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Still Life: A Karen Pirie Novel

Review

Still Life: A Karen Pirie Novel

Val McDermid is now 34 novels into her stellar career, and she continues to prove that she is incapable of penning a bad book. STILL LIFE is the latest entry in her series starring DCI Karen Pirie of the Historical Cases Unit, and it is a true page-turner.

It also ends up being an ideal read for our current times as McDermid sets the action in February 2020, where little hints are sprinkled in along the way about a potential pandemic in China. With that undercurrent running in the background, it's time to hunker down and prepare for an extremely clever set of mysteries that need solving.

The first catch of the day for a lobsterman manning the Bonnie Pearl on the chilly Scottish waters is a drowned man. The pathologist lets DCI Charlie Todd and DS Daisy Mortimer know that the cause of death may be drowning, but more likely it was the blow that first caved in the back of his head prior to hitting the waters outside Fife. The victim is identified as Paul Allard from Paris, France. Now they must figure out why Paul was in Scotland and who may have wanted to kill him.

"...a true page-turner.... McDermid’s mastery of the written word and precision plotting create one of her best mysteries in recent memory."

At the same time, Karen and her partner, DC Jason Murray, are on their own case. They are called to the home of the late Susan Leitch by her sister, Stella. The RV camper parked in Susan's garage happens to be housing an unexpected occupant --- a skeleton. There is no identification to be found, so full DNA research will be needed to determine who this person was. Of course, there are more questions to be answered, such as why a skeleton was left there and for how long.

Meanwhile, Charlie and Daisy receive some interesting and surprising details on Paul. To begin with, he was a Scotsman whose real name was James Auld. It seems that James had left Scotland some years ago to join the French Foreign Legion. Following that stint, he was part of a popular jazz band that played around Paris. This information allows them to tie James to his semi-famous brother, Iain Auld, a senior civil servant who vanished without a trace back in 2010. What, if any, connection might there be between James’ death and Iain's disappearance? Daisy is lucky that she has been schooled in French studies because she feels that a trip to Paris might be in the foreseeable future.

Karen and Jason are putting together Susan’s background while they await identification on the badly preserved skeleton. One lead would be Susan's prior same-sex lover, a young woman named Dani Gilmartin. They need to speak with the family and friends of all involved to get a better picture, even though they are not 100% sure that their skeleton is actually Susan. It turns out that Jason is going to have to take the lead on this case as the powers that be send Karen and Daisy off to Paris to investigate James.

Their excursion doesn't reveal as much about James as it does about Iain. The happily married man, whose wife still lives in the UK, got himself heavily involved in the world of popular British art. Specifically, he became smitten with the gay bad boy of British art at the time, David Greig, who was known for his bizarre and controversial pieces and paintings. He also had a keen eye that allowed him to reproduce famous works of art. The art world was aware that he took his own life in a cliff dive following the depression of a lover he could not get over. Karen and Daisy begin throwing around all sorts of possibilities. Was Iain and David involved in some highly illegal and very profitable forgery work? Even if this is true, how can they prove it?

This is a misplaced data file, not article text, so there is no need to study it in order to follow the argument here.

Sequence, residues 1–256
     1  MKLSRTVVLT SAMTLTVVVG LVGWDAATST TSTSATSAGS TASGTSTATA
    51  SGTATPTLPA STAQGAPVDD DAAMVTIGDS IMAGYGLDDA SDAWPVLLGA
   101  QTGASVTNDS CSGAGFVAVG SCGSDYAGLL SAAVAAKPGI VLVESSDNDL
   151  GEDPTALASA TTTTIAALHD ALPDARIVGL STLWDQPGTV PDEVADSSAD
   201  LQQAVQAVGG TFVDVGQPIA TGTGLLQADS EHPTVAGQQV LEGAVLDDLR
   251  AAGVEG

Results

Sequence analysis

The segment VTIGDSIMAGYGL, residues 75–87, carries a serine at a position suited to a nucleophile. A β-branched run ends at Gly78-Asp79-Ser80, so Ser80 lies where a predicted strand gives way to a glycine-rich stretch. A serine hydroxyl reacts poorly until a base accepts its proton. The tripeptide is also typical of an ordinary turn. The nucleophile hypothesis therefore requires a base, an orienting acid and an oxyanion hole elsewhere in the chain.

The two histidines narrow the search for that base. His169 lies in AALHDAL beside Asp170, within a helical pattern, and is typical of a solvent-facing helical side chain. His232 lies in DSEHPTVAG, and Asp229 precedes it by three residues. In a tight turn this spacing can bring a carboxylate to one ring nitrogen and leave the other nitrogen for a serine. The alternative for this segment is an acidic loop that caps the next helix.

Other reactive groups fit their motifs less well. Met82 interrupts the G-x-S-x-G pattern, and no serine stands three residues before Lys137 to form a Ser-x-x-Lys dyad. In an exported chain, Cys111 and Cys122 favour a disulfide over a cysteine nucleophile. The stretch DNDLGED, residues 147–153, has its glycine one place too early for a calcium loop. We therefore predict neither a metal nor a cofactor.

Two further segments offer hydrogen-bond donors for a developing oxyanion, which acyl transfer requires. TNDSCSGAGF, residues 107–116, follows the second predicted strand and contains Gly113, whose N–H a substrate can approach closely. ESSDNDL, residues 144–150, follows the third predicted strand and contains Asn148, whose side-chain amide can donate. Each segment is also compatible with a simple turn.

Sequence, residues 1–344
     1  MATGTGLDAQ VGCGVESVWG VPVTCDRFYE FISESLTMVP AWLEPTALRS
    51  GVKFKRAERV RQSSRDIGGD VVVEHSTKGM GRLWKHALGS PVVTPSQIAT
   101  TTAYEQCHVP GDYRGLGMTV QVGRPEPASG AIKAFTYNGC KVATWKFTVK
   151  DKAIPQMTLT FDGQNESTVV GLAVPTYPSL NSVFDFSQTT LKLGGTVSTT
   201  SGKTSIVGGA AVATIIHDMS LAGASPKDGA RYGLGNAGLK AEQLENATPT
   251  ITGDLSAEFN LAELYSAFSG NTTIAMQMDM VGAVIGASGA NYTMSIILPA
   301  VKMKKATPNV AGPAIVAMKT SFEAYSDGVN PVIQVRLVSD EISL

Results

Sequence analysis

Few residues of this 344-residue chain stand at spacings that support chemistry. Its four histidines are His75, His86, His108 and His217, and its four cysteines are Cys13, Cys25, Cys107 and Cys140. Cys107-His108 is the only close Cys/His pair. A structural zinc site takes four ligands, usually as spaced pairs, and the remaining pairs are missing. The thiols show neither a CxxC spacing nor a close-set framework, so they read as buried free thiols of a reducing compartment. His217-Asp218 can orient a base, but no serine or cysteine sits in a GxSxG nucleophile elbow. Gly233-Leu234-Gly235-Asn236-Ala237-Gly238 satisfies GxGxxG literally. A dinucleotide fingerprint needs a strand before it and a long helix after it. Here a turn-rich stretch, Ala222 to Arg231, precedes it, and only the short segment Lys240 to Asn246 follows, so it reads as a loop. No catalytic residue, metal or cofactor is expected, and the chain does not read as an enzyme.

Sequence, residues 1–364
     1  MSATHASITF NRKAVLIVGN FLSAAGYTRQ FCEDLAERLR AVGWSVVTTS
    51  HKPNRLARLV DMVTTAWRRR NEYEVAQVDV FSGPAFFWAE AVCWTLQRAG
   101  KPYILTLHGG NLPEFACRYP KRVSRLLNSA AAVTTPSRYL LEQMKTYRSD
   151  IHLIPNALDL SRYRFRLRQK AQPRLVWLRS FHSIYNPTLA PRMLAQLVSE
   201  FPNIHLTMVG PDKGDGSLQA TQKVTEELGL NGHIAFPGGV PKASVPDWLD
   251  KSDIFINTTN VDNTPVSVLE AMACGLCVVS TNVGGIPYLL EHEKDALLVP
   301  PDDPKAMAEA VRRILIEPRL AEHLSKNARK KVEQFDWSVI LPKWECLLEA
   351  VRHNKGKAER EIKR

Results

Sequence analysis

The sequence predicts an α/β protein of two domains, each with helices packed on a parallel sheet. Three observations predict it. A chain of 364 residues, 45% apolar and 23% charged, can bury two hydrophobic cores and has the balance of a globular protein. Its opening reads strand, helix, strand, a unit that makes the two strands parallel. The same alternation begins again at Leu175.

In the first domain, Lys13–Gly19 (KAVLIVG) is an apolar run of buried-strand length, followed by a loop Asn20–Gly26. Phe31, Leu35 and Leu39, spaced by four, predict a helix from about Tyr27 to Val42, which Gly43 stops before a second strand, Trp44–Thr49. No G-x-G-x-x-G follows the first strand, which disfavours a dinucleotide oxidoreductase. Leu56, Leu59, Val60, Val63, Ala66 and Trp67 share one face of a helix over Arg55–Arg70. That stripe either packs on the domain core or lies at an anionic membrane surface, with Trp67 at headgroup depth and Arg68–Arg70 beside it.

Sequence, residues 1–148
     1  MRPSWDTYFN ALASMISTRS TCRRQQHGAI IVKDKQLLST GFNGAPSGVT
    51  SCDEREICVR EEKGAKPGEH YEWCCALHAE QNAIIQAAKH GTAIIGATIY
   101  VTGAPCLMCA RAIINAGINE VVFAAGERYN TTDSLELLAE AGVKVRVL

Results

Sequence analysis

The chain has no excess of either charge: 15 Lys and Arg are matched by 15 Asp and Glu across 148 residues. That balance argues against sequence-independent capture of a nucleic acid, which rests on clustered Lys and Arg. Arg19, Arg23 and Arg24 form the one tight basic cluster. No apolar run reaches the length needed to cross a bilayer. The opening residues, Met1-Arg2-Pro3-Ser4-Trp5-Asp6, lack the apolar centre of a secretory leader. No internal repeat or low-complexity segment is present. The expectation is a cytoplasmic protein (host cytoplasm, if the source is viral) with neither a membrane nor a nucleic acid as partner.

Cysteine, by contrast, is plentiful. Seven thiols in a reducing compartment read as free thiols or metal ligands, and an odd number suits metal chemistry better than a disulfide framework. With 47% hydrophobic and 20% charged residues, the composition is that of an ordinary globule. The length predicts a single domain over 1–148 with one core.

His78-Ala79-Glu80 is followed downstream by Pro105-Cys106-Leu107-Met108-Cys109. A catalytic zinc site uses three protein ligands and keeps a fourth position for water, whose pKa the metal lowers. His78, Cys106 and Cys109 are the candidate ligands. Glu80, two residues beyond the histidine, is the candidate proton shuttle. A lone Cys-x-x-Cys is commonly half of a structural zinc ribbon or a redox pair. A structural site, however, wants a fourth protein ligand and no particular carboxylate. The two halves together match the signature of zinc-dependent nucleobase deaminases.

The typically intense Karen seems to be taken with Daisy after initially not being happy about the reassignment. She still keeps her hand in both investigations and learns from Jason that the skeleton case has added another name to the mix, Amanda McAndrew, who has been tied romantically to Dani. Karen warns Jason not to do anything foolish. He must not get too close to any potential suspect on his own because one may end up being a killer.

What keeps STILL LIFE moving, though, is the James Auld murder case. Karen and Daisy find themselves going down one road after another as the art world and Iain's disappearance end up being their own Pandora's boxes that keep the mystery confounding and exciting. The book’s title speaks to both a style of painting and the simple fact that any dead body --- whether a drowning victim or a decaying skeleton --- are still lives. McDermid’s mastery of the written word and precision plotting create one of her best mysteries in recent memory.

Even when the cases are wrapped up, we get hit right in the face with a bit of our own reality. Various characters seek out locations and mates to lock down with as the whispered-at pandemic is now at their doorstep, which is by far the novel’s most frightening element.

Reviewed by Ray Palen on October 23, 2020

Still Life: A Karen Pirie Novel
by Val McDermid

  • Publication Date: October 6, 2020
  • Genres: Fiction, Mystery, Suspense, Thriller
  • Hardcover: 436 pages
  • Publisher: Atlantic Monthly Press
  • ISBN-10: 0802157440
  • ISBN-13: 9780802157447